The Bookmaker by Michael J. Agovino

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Synopsis

Marking the debut of a gifted new writer, The Bookmaker teems with humanity, empathy, humor, and insight.

At the heart of Michael J. Agovino's powerful, layered memoir is his family's struggle for success in 1970s, '80s, and '90s New York City—and his father's gambling, which brought them to exhilarating highs and crushing lows. He vividly brings to life the Bronx, a place of texture and nuance, of resignation but also of triumph.

The son of a buttoned-up union man who moonlighted as a gentleman bookmaker and gambler, Agovino grew up in the Bronx's Co-op City, the largest and most ambitious state-sponsored housing development in U.S. history. When it opened, it landed on the front page of The New York Times and in Time magazine, which described it as "relentlessly ugly."

Agovino's Italian American father was determined not to let his modest income and lack of a college education define him, and was dogged in his pursuit of the finer things in life. When the point spreads were on his side, he brought his family to places he only dreamed about in his favorite books and films: the Uffizi, the Tate, the Rijksmuseum; St. Peter's, Chartres, Teotihuacán. With bad luck came shouting matches, unpaid bills, and eviction notices.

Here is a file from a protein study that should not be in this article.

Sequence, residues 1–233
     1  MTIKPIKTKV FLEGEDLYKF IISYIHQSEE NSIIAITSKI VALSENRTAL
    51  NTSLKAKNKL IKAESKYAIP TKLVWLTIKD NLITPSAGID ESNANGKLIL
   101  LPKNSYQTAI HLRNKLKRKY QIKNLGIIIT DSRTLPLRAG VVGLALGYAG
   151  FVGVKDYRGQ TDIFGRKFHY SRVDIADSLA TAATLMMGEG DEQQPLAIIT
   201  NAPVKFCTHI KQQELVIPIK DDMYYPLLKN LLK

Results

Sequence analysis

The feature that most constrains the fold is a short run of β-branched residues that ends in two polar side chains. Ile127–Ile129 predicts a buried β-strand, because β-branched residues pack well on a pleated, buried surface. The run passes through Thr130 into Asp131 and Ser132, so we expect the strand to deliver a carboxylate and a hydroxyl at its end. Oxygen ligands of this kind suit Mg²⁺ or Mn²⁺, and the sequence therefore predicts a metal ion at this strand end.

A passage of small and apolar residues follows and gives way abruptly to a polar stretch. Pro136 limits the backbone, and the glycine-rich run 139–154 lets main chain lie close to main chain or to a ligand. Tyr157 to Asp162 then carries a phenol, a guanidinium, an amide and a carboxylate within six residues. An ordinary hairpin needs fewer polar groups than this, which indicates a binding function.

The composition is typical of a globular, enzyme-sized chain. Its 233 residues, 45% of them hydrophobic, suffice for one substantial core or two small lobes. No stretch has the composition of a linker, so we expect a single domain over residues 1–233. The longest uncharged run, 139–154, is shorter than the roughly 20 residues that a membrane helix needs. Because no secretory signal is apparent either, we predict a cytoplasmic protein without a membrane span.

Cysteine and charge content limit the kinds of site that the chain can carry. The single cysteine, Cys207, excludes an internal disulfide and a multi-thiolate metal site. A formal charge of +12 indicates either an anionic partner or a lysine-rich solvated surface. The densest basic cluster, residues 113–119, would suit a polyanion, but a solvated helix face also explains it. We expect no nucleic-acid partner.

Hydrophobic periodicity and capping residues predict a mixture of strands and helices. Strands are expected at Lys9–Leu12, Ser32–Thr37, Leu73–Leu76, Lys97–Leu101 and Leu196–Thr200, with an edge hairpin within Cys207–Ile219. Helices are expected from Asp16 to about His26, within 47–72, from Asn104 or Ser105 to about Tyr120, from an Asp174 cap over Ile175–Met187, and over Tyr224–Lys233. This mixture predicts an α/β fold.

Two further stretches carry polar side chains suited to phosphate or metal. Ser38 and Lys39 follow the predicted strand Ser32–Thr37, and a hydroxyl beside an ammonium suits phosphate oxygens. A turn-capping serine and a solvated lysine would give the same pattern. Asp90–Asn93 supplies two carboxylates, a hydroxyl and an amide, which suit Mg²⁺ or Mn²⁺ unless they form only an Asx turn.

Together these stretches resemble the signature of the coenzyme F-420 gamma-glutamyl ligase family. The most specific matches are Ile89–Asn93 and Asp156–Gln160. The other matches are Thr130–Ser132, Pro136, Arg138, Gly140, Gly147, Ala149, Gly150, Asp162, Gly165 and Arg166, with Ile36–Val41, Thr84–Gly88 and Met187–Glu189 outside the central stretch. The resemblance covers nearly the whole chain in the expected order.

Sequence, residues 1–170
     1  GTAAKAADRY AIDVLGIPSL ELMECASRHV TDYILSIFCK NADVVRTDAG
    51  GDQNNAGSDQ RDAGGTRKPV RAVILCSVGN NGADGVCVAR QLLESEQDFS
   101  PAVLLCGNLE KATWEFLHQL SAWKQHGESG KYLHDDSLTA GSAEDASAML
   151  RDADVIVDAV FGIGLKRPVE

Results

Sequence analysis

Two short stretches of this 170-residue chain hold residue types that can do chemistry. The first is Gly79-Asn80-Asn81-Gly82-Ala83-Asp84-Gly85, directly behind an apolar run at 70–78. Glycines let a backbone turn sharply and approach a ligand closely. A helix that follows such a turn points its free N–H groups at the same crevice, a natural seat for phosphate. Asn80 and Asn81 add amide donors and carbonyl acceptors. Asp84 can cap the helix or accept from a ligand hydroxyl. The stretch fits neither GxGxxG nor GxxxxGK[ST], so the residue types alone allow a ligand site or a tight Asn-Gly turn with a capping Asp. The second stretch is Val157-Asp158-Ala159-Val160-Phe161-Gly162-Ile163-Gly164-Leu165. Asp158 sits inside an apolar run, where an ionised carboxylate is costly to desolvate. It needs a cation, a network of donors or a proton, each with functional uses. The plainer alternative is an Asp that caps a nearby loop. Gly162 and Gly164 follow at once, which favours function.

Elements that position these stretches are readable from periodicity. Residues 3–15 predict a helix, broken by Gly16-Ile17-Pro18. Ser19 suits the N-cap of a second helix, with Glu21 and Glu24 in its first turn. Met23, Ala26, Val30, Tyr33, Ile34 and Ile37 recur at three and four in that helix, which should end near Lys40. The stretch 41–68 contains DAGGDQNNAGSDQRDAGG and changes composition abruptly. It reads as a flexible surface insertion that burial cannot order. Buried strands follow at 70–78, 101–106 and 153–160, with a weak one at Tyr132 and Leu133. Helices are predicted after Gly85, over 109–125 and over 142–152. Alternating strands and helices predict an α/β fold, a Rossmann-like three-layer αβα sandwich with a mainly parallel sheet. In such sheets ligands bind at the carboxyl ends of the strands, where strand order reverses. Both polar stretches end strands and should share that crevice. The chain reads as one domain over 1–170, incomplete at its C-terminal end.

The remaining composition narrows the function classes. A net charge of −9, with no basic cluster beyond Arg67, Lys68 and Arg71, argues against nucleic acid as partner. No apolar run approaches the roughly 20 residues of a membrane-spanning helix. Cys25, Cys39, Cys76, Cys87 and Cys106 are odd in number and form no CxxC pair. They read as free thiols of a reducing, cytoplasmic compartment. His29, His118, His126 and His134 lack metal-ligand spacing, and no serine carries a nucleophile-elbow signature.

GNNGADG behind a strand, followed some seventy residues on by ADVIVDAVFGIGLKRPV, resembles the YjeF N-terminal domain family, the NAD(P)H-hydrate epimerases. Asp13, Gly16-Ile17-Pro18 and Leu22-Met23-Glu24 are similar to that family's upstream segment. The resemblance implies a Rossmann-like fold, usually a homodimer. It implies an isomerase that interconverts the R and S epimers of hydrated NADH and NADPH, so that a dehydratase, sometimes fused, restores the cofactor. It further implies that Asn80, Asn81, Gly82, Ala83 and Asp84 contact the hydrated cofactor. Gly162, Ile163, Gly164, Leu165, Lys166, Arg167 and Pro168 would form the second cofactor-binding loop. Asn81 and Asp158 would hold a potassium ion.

The Bookmaker is both a bold, loving portrait of a family and their metropolis and an intimate look into some of the most turbulent decades of New York City. In elegant and soaring prose, it transcends the personal to illuminate the ways in which class distinctions shaped America in the last half of the twentieth century.

 

About Michael J. Agovino

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Michael J. Agovino has written for a wide range of publications and online sites, including The New York Times, Esquire, GQ, Salon, Elle, and The New York Observer.
 
Published October 6, 2009 by HarperCollins e-books. 371 pages
Genres: Biographies & Memoirs, History, Crafts, Hobbies & Home, Humor & Entertainment. Non-fiction

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Gambling kept its hold on him after he married Cora from Brooklyn, after they had children, after they moved to Co-Op City and even after Hugo landed a job in the Department of Social Services.

Jul 01 2008 | Read Full Review of The Bookmaker

Publishers Weekly

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Instead, thanks to the chronic gambling debts of his father, Hugo, a city welfare bureaucrat who ran an illicit sports-betting operation on the side, they wound up in the Bronx—at the vast Coop City housing project that became a watchword for urban anomie.

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